Fans of Vulkan, the "close to the metal" graphics API used in games like DOOM, will certainly love the next bit of news: Valve has also made significant contributions to DXVK, and VKD3D, projects that essentially convert DirectX 11 and DirectX 12 (respectively) API calls to Vulkan on the fly. With the Steam Play update on Linux, all DX11 and DX12 implementations are now based on Vulkan. This means a dramatic performance boost compared to OpenGL.


Here's what Valve has to say about performance expectations: "A performance difference is to be expected for games where graphics API translation is required, but there is no fundamental reason for a Vulkan title to run any slower."

There are other perks too. Any Windows game installed on Linux will automatically detect any controller that Steam currently supports, from Valve's own Steam Controller to PS3 Dualshock, Xbox One and Nintendo Switch Pro controllers.

And get this: You can point the Steam for Linux client at your Windows Steam games, and it will automatically update them!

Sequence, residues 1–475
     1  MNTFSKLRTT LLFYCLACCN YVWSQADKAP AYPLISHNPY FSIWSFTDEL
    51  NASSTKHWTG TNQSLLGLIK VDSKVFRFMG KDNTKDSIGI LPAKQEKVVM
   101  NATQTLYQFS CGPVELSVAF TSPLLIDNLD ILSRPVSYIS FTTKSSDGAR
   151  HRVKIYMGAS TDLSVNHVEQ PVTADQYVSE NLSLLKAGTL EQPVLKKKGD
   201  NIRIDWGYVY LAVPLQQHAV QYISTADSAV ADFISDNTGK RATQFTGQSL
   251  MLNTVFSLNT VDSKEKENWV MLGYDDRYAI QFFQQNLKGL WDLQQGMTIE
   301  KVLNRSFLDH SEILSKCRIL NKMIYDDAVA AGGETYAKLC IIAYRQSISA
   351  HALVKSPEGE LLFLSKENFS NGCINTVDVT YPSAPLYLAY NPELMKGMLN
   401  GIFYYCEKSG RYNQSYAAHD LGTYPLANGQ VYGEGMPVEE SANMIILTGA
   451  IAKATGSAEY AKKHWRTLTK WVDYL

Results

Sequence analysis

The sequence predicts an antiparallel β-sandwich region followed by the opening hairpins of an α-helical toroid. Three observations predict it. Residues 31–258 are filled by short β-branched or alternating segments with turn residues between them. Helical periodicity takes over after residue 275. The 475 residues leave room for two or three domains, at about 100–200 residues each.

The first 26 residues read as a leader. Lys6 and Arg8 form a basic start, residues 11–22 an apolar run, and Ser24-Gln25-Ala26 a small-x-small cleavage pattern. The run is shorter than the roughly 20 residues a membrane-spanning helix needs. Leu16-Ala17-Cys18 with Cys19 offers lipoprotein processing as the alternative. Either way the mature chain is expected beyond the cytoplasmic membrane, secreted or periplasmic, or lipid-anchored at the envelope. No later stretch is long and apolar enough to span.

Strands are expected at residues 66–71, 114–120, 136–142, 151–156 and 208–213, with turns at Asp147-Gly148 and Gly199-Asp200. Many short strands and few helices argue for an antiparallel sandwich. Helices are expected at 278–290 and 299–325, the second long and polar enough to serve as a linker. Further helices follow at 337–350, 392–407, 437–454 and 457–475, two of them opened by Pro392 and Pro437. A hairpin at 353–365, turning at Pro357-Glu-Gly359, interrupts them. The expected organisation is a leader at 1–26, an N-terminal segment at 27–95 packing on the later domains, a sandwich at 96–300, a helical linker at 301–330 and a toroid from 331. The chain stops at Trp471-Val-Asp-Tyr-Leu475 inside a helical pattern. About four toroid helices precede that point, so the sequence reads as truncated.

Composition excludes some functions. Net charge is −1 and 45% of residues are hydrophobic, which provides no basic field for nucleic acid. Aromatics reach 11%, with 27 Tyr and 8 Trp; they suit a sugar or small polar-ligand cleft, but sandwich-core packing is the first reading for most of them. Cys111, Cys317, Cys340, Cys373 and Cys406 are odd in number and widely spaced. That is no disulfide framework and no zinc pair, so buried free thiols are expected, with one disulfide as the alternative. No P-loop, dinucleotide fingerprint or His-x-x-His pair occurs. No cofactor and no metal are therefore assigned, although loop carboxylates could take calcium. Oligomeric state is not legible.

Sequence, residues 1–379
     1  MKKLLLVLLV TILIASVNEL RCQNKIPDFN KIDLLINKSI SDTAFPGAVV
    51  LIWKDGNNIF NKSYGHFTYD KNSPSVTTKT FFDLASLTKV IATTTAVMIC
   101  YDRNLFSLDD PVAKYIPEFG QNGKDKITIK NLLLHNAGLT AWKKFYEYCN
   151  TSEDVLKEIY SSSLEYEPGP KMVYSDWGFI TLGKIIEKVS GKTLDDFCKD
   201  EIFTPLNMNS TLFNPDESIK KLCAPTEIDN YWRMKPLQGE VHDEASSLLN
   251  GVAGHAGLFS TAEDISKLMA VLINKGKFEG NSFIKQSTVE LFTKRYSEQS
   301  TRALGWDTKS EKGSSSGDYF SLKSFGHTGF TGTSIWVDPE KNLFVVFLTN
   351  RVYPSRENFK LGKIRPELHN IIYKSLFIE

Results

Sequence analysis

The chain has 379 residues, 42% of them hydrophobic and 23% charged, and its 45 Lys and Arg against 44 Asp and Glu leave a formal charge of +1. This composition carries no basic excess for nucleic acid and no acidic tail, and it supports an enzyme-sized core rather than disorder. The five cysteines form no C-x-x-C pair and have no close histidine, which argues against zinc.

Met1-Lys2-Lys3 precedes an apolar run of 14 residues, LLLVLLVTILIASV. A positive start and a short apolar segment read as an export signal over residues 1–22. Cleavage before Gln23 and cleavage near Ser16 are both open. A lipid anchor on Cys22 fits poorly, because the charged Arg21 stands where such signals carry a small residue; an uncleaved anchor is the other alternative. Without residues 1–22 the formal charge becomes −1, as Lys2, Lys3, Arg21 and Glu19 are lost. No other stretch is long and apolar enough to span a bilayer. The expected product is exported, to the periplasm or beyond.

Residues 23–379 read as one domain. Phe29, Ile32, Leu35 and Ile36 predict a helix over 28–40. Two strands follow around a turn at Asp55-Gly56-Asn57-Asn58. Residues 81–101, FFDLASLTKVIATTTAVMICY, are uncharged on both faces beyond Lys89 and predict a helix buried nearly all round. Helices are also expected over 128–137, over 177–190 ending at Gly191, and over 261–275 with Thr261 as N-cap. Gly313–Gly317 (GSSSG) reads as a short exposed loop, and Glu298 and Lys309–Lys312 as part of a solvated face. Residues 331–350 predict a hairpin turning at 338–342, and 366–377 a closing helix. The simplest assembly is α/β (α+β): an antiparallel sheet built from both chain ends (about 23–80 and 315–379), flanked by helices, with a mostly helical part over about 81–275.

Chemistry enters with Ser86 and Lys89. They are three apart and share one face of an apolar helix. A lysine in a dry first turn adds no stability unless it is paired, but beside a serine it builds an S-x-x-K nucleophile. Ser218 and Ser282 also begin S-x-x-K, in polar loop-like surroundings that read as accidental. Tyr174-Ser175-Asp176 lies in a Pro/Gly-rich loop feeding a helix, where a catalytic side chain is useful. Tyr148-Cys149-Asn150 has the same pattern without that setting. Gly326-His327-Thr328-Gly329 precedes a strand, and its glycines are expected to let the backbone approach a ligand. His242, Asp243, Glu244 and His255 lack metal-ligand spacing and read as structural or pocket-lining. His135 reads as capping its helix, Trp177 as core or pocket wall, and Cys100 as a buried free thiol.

If there's a touch of less-than-thrilling news (I can't classify any of this as bad or disappointing, after all), it's that during the first phase of this Steam Play Beta, only about 27 Windows-exclusive games will be officially supported. These are games like Star Wars: Battlefront 2, DOOM, Beat Saber, The Last Remnant and Fallout Shelter. The full initial list is here.


This functionality is available now on Steam for Linux. Here's how to implement it.VALVE / JASON EVANGELHO

Now, these are titles that have been fully vetted by Valve, meaning they consider the experience to be identical to Windows. If you're feeling more adventurous, you can simply hit an override switch and install literally any game that's available only on the Steam for Windows store. I expect there may be hiccups and performance issues here, but the sheer fact that you can install and run these games with one click is something Linux gamers have been dreaming of for years. Plus, Valve is continuously working on adding more titles with full support.

Are there any games that just won't work? Valve explains that games "using complex DRM or anti-cheat systems will be difficult, or even impossible to support."

Keep in mind this news applies to literally any Linux distribution that you can install Steam on. Not just SteamOS. Ubuntu, Mint, Debian, etc.

Valve has stated they currently have no plans to bring this addition to Steam Play to MacOS.

The implications here are massive, and I can't wait to flip this switch on my Ubuntu installation and start tinkering. I think some Windows vs Linux performance comparisons are definitely in order, but I also want to install games like Monster Hunter: World and see how they fare.

If you're on Linux and want to try it out, let me know what your experience is like!